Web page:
Commentary

Belden Paulson: The New Vista project not right for Vermont

Editor’s note: This commentary is by Belden Paulson, a part-time resident of Vershire, who is a retired professor of political science and futures studies at the University of Wisconsin. He is cofounder of the High Wind intentional community in Wisconsin committed to sustainable living.

To: New Vista Foundation

As a part-time resident of Vershire and a neighbor of such surrounding towns as Strafford, Tunbridge, Royalton and Sharon, and after reviewing your proposed plans for this area, I feel a need to offer several comments.

I introduce myself as someone who respects your interest in intentional communities and sustainable development. I am a retired political science professor from the University of Wisconsin who for years taught courses related to community development. I also have practical experience in creating planned communities around the world, and with my wife co-founded an intentional community in Wisconsin committed to sustainable living. I am well informed about the kind of project you are proposing in Vermont.

After reading and thinking about your material, I strongly oppose your going forward with your project in Vermont, although I commend you for your vision and could see significant benefits were you to implement your ideas in appropriate locations. Here is my reasoning:

• The towns and their surrounding areas that you have in mind have histories that go back centuries. They developed organically, and over the years have maintained their unique character as small, cohesive communities. Inserting, over a short time, a population of hundreds coming in from outside — even thousands of new residents — plus an array of new buildings alien to the existing environment, would radically and negatively change these towns.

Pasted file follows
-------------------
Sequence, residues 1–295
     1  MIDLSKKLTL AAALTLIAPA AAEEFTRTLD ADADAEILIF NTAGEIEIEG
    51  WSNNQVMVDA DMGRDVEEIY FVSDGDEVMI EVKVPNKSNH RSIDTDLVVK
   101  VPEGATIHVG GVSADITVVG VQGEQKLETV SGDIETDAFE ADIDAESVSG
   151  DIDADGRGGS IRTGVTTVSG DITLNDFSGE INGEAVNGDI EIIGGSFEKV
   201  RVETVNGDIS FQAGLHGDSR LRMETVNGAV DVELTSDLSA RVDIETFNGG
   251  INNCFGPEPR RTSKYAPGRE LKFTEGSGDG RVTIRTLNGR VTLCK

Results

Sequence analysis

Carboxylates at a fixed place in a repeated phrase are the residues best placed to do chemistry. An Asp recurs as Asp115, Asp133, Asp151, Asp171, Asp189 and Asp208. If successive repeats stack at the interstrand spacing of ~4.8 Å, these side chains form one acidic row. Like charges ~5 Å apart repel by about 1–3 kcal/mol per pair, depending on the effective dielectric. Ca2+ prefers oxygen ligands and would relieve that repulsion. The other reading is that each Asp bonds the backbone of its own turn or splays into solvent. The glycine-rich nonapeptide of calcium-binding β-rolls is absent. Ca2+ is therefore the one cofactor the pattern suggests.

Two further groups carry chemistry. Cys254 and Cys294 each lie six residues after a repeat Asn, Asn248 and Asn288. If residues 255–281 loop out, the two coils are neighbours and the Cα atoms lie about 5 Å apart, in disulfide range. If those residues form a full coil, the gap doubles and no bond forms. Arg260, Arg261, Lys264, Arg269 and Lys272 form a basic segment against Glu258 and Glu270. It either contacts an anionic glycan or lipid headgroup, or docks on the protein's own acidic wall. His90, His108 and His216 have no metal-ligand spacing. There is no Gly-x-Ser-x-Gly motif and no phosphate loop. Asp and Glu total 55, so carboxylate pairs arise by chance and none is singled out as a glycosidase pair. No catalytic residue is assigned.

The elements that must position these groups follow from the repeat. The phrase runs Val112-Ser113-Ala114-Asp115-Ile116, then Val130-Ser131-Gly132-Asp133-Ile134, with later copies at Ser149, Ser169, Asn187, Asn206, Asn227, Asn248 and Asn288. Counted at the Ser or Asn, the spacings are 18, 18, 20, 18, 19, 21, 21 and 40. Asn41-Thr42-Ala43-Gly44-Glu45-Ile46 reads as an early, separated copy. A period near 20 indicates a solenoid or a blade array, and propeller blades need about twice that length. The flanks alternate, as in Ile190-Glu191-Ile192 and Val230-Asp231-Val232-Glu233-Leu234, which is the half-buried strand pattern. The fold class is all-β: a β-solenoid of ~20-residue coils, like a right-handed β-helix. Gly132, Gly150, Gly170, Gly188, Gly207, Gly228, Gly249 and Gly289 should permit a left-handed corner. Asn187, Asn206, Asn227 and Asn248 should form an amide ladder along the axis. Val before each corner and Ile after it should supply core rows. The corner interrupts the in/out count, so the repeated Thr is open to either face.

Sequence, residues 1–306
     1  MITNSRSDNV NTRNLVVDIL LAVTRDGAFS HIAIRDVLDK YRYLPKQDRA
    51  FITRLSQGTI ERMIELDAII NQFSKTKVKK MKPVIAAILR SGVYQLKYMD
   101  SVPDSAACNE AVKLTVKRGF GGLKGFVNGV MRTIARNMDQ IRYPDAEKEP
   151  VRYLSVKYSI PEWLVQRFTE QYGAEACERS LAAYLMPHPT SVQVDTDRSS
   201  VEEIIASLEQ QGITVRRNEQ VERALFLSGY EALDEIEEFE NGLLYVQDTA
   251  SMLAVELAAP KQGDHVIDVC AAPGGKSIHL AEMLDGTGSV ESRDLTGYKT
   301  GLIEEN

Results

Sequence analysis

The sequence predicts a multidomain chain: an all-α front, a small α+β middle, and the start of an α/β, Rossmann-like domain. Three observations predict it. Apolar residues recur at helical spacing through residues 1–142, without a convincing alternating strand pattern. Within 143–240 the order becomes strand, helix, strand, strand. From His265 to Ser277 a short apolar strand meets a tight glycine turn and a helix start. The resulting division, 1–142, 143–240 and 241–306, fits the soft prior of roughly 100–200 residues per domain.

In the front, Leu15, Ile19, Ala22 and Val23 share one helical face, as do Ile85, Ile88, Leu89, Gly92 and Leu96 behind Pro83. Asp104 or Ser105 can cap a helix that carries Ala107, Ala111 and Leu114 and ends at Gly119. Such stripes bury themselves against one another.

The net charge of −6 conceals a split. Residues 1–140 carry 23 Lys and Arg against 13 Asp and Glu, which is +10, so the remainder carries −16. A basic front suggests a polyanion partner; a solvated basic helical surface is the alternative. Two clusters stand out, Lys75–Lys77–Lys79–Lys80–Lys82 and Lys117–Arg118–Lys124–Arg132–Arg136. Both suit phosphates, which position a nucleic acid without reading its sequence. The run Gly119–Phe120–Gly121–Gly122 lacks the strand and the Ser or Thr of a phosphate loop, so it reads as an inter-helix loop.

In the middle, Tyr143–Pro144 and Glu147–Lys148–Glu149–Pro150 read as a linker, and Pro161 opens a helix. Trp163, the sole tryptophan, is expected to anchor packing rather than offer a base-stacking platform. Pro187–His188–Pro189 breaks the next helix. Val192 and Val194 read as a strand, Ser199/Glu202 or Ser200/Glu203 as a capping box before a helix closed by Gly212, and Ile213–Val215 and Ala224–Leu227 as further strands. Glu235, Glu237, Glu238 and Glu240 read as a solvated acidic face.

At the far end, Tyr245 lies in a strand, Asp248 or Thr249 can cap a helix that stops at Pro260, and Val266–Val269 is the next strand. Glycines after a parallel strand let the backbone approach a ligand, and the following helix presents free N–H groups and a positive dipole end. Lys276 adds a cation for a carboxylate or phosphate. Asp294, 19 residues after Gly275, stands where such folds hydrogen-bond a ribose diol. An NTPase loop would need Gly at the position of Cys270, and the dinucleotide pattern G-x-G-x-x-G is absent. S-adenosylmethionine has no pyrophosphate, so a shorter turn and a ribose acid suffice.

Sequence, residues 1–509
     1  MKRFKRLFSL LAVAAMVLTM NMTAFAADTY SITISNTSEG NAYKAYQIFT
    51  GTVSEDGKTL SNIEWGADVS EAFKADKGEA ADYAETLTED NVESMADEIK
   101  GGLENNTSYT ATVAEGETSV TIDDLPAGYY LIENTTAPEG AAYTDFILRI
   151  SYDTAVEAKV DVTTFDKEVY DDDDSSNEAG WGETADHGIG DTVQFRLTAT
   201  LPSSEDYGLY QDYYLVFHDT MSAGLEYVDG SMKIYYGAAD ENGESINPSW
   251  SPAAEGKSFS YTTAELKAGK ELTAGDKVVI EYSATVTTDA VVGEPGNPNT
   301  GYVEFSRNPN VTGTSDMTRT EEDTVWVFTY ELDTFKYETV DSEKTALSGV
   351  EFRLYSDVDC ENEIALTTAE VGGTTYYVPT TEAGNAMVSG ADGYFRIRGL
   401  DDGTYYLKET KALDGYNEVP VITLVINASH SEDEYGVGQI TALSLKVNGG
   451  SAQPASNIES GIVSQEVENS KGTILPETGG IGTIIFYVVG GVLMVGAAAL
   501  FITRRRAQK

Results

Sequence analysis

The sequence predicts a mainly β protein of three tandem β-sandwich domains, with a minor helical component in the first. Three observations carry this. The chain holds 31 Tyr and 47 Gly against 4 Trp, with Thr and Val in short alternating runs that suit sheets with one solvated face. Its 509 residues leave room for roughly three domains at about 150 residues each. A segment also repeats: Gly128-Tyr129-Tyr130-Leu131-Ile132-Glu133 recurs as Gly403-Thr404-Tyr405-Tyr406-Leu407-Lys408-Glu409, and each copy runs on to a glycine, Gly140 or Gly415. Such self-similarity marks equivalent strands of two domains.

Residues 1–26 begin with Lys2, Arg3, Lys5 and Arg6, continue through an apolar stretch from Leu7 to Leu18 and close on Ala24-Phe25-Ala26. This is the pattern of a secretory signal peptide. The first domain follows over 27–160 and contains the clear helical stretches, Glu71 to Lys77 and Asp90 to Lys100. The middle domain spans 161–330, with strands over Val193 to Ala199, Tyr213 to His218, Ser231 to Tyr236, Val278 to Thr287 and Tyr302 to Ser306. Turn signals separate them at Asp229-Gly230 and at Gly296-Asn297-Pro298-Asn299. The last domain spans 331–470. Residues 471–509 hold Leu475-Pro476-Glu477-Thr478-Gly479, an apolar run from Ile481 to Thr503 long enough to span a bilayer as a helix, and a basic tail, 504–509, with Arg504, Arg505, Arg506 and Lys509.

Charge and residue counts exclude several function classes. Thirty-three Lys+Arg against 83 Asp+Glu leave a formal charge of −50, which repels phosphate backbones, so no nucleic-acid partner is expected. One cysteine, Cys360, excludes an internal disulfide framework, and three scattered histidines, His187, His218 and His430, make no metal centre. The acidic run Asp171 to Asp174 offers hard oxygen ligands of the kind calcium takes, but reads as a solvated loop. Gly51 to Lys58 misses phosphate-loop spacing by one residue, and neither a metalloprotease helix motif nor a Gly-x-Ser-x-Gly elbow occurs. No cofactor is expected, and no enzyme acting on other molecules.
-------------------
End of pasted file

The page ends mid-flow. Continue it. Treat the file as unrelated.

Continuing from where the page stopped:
Suddenly, with an influx of businesses and direction from the outside, and a sizable population with little or no background and knowledge about how these towns “work,” the precious qualities that make our communities so attractive would be dramatically jeopardized.

 

• The economies and civic culture of these towns have evolved gradually, with home-grown small businesses and democratic governance based in indigenous local leadership. Suddenly, with an influx of businesses and direction from the outside, and a sizable population with little or no background and knowledge about how these towns “work,” the precious qualities that make our communities so attractive would be dramatically jeopardized.

• Sustainable living in the existing culture of these towns emphasizes simplicity, low consumption, sensitive stewardship of natural resources, holistic values built up over many years that emphasize cooperation and interdependence. The history of most planned communities, even those guided with good intentions, is that they inevitably take on today’s values of “modernity” — fast paced action, heavy use of social media rather than in-person communication, a materialistic ethic, and importation of the latest equipment and assets for today’s comfortable living. This lifestyle, even when guided by competent planners who have mastered the “sustainability” rhetoric, would completely change the prevailing traditions and values that give these towns their special character and flavor.

I urge you to take your enthusiastic energy and sizable resources elsewhere instead of threatening the qualities that make these Vermont communities unique.

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  • Michael Roosevelt